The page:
Vail Valley teacher George McCollum closes out 51-year career
Last week, George McCollum quietly slipped away from his retirement party early and, smiling broadly, disappeared into a classroom to do what he was born to do — teach.
McCollum is closing the book on a 51 year math teaching career. His latest incarnation is at St. Clare of Assisi Catholic School in Edwards.
For the occasion, hundreds of St. Clare students strapped on bow ties, McCollum’s trademark. They never looked better.
McCollum is a practical man. He’s the proud owner of 60 bow ties and 120 string ties. He wears them in succession, like a math equation, and that’s why you don’t remember seeing him wear the same tie twice.
See how good and uncomplicated life can be for a practical man?
“I’ve never met with students without a tie,” he said.
McCollum was raised in Boulder when it was a Republican stronghold. In 1963 he launched his teaching career in a one room schoolhouse on Colorado’s Eastern Plains. He spent four years in a slightly larger school and landed at Eagle Valley High School in Gypsum in 1968, when graduating classes averaged 35 students.
He retired from Eagle Valley a few years back, then spent some time with the Vail Academy before St. Clare’s.
He had the very good sense to marry Pat in 1964. They’re celebrating their 50th wedding anniversary next month.
That’s the good stuff
The good stuff never changes, like the twinkle in students’ eyes when their lights come on and they get it.
He taught several of the teachers he works with. He taught his students’ parents.
Kids haven’t changed much, he said. They have access to all kinds of new technology and information, but they’re still kids.
“Math hasn’t changed either. The names and terms have changed, but that’s about all,” he said.
Multiply seven times seven and you’ll always get 49. Always. It never changes.
And neither, thank heavens, does McCollum.
McCollum is a larger-than-life classroom presence, his deep booming voice filling the room.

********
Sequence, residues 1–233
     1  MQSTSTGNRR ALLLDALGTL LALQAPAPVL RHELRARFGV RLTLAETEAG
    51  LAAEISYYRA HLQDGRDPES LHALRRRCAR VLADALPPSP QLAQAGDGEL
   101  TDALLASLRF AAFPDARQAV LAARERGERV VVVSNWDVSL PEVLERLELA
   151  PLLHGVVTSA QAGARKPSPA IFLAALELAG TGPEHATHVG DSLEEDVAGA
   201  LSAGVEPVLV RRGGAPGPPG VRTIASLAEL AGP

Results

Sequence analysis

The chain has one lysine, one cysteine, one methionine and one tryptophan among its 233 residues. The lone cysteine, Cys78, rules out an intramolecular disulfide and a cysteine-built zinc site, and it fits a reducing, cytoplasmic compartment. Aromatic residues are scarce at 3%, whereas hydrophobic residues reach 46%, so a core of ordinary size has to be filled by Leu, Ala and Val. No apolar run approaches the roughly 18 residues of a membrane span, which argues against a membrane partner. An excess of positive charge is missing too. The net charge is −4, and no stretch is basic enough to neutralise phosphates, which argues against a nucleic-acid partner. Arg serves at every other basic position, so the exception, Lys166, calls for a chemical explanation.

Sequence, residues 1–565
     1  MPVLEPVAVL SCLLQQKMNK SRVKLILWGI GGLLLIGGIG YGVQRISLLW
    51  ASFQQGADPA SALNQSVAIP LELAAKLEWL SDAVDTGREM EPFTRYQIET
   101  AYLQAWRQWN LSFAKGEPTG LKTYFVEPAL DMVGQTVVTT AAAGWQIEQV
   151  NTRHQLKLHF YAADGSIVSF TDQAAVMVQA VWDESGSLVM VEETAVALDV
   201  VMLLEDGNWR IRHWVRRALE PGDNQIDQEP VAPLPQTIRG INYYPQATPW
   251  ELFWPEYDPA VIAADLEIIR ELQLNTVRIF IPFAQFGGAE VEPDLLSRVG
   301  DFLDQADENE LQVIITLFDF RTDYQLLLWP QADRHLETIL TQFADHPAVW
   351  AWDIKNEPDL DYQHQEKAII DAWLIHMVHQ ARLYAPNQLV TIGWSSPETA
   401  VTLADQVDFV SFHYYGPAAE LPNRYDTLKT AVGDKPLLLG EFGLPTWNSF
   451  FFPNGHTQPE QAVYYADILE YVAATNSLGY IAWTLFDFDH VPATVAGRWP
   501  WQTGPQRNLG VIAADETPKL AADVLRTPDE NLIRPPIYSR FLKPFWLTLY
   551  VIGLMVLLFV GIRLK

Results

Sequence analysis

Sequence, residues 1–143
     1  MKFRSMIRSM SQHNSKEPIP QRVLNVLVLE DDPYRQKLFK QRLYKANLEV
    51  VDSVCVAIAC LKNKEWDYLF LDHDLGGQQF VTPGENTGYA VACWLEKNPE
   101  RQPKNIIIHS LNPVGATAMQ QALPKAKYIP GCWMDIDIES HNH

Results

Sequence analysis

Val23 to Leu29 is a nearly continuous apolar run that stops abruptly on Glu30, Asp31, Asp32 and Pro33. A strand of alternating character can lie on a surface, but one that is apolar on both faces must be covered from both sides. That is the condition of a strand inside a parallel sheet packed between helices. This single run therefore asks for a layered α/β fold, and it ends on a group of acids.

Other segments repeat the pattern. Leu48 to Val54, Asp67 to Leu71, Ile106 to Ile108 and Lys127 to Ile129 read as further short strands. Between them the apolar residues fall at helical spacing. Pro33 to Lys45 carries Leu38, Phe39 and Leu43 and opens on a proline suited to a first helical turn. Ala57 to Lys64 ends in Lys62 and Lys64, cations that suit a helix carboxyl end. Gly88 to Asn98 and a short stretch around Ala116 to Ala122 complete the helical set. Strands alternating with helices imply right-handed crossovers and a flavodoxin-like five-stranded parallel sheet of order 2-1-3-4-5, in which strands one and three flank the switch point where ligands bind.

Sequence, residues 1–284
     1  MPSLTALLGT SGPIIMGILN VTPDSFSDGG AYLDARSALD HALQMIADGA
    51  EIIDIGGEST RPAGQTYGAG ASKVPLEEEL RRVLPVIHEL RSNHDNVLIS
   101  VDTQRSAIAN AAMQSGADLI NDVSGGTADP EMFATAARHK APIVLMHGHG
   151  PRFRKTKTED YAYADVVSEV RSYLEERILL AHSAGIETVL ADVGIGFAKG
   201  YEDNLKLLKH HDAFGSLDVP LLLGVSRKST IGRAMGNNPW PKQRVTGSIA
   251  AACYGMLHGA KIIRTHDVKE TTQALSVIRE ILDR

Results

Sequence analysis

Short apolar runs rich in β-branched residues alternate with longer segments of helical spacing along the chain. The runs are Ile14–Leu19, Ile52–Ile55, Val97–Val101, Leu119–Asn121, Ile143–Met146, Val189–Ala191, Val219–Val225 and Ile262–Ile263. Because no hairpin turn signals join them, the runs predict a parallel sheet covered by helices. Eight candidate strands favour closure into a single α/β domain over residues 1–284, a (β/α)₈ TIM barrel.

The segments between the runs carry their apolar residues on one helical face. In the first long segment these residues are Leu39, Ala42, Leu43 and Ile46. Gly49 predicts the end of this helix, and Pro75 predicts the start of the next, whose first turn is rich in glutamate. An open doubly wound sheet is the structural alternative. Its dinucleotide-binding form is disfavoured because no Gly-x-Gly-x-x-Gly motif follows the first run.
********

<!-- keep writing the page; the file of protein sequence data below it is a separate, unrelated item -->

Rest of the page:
After 51 years, his favorite expression is still “hot dog!” when a student gets it right. When a student asks for a little more time by saying “wait,” he still responds, “WAIT?!? Wait broke the wagon down!”
Discipline is key
Vern Brock sat under McCollum’s instruction for three years, 1974-76, at Eagle Valley High School. Sure, Brock remembers the math, but also more than that.
“Kids feed off discipline, they don’t endure it,” Brock said. “If all the teachers had that mindset, many of education’s problems would not exist. You didn’t test his limits.”
Once upon a time, a substitute teacher took McCollum’s Eagle Valley High School math class. McCollum had been dragged away against his will to attend some meeting. Great teachers hate meetings — yet another reason McCollum is a great teacher.
Anyway, the substitute strode into the classroom and the kids immediately cheered, thinking they’d have their way with him. The substitute drew himself up to his full height and barked loudly, “Even if Mr. McCollum isn’t here, his rules still apply!”
The sub had no idea what those rules were, but the class quieted down and got to work.
“Kids like discipline, and they want it to be consistent,” McCollum said.
Jimmy Pavelich is an eighth grader at St. Clare. He told his younger brother John that he felt sorry for him. He wouldn’t have Mr. McCollum for math.
The gift of teaching
St. Clare principal Sister Marirose, something of an artist, made him a personalized coffee mug.
McCollum started attending St. Clare’s Wednesday morning mass, then drinking coffee with the pianist after mass was done.
St. Clare needed a math teacher to handle a couple classes a day, and McCollum, who’d retired a couple times, doesn’t have a natural aptitude for leisure.
“He’s a truly dedicated teacher. He has the gift of teaching,” Sister Marirose said.
Gifted teachers can teach anything. McCollum chose math because he’s great at it. He started college at Northeastern Junior College in Sterling. He did the math and figured if he took 24 hours the fall quarter, 23 hours the winter quarter and 19 the spring quarter, he could finish that year. He finished his degree at the University of Northern Colorado.
Is that you?
Once McCollum was driving through the Southwest and stopped in a small town where Jeff Fedrizzi was the fire marshall. McCollum picked up the phone and called the station.
“Is this Jeff Fedrizzi, who attended Eagle Valley High School?” McCollum asked.
“Yes,” Fedrizzi replied.
“Do you have gum?” McCollum grilled him in a deep, ominous tone.
“Mr. McCollum, is that you?”
It was, and it still is.
Staff Writer Randy Wyrick can be reached at 970-748-2935 and email@example.com.
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